He drank the crowd in right along with the can of Bud Light he’d just shotgunned, sucking the thing down as if a wet vac had been implanted in his innards.
“This is overwhelming the senses,” Dierks Bentley beamed, eyes gleaming like pinballs as he gazed out on an audience of more than 20,000 at the inaugural, three-day Route 91 Harvest country music festival at the MGM Resorts Village, which became a fantasia of oversized beers and undersized denim shorts in early October.
Soon, Bentley would be singing about getting drunk on a plane — the song: “Drunk on a Plane” — but at this particular moment during the second night of the fest, he was marveling at the size of what was arguably the biggest country music event ever to take place in Las Vegas.
The previous night’s headliner sounded a similarly awestruck note during his performance.
“Every time I play in Vegas, it ain’t nothin’ this damn big here,” grinned Blake Shelton, a self-professed front-porch sittin’, guitar pickin’, moonshine sippin’, ’backer chew spittin’ country boy from the woods.
The Route 91 Harvest festival signified several things.
First, it re-emphasized Las Vegas’ status as a somewhat unlikely hotbed of country music alongside the Academy of Country Music Awards (which will move to AT&T Stadium in Arlington, Texas, for a year in 2015), all the country acts who come here during National Finals Rodeo and the upcoming residency by Reba McEntire and Brooks &Dunn at the Colosseum at Caesars Palace next year, where they’ll replace another country favorite, Shania Twain.
Second, it underscored Las Vegas’ growing presence as a destination point for music festivals of multiple genres.
In early spring, news broke that the massive Rock in Rio music fest would be making its American debut here in May of 2015 over two consecutive weekends, luring big names such as Metallica, Taylor Swift and Bruno Mars on permanent festival grounds to be built on the Strip at the southwest corner of Sahara Avenue and Las Vegas Boulevard.
“It’s a theme park for music,” Rock in Rio founder Roberto Medina said in March, speaking through an interpreter translating his Portuguese into English. “It’s a different proposal. It’s something extremely sophisticated, and I believe it will take the American market by surprise.”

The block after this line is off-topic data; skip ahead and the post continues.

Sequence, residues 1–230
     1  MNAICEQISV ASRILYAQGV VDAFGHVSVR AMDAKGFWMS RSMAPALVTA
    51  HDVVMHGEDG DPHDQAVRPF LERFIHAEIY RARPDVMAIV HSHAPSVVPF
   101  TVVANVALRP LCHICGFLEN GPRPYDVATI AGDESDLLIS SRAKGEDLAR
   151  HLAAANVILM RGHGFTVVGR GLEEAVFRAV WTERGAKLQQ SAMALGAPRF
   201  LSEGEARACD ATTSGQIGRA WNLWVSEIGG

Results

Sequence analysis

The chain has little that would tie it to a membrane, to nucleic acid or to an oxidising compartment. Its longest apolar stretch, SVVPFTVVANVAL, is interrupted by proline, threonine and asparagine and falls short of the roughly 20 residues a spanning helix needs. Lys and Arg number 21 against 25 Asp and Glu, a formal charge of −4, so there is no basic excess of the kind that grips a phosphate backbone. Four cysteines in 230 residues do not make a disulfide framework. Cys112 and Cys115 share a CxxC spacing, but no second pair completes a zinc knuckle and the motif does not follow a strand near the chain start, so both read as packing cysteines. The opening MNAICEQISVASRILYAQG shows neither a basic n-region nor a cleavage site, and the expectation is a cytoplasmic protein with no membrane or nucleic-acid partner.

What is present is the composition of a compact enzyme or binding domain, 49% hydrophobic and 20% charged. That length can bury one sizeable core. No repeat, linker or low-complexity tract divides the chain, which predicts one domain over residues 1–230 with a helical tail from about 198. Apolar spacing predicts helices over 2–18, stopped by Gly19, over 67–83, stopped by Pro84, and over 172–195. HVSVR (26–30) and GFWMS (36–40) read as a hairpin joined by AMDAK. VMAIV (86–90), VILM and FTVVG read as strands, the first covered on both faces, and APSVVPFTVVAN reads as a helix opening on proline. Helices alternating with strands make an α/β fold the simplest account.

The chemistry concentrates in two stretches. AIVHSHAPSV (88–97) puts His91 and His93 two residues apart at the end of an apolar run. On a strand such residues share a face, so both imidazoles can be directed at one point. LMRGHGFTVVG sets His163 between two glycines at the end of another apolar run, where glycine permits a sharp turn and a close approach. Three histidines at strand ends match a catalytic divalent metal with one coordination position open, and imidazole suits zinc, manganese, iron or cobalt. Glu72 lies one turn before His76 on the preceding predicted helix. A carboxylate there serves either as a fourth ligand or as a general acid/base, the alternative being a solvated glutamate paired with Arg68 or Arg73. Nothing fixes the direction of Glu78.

Rock in Rio will join several prominent — and growing — Las Vegas-based festivals that had banner years in 2014.
The biggest of the big, three-day dance music monolith the Electric Daisy Carnival, drew more than 400,000 people to dance from dusk to dawn at Las Vegas Motor Speedway in June, turning the racetrack into a wonderland of flesh, beats and flame-belching art installations.
In October, the Life Is Beautiful music, food and arts fest expanded from two days to three in its second year, with throngs of revelers filling blocked-off downtown streets to feast on artisanal tacos as Kanye West, a furrowed brow incarnate, thundered like a storm front of emotion, Outkast thrilled during the final stretch of their reunion tour and the Foo Fighters gave drunken dudes a reason to play air guitar, amid dozens of other performances.
Also expanding in 2014 was the Blink-182- and Train-headlined Wine Amplified music and spirits fest in October, which added a second day at the aforementioned MGM Resorts Village.
That site also hosted a Kings of Leon gig that doubled as beer festival later that month and the iHeartRadio Village in September, where Iggy Azalea, Childish Gambino, 5 Seconds of Summer and others performed during the return of the iHeartRadio Music Festival, which again consumed the MGM Grand Garden arena for two nights.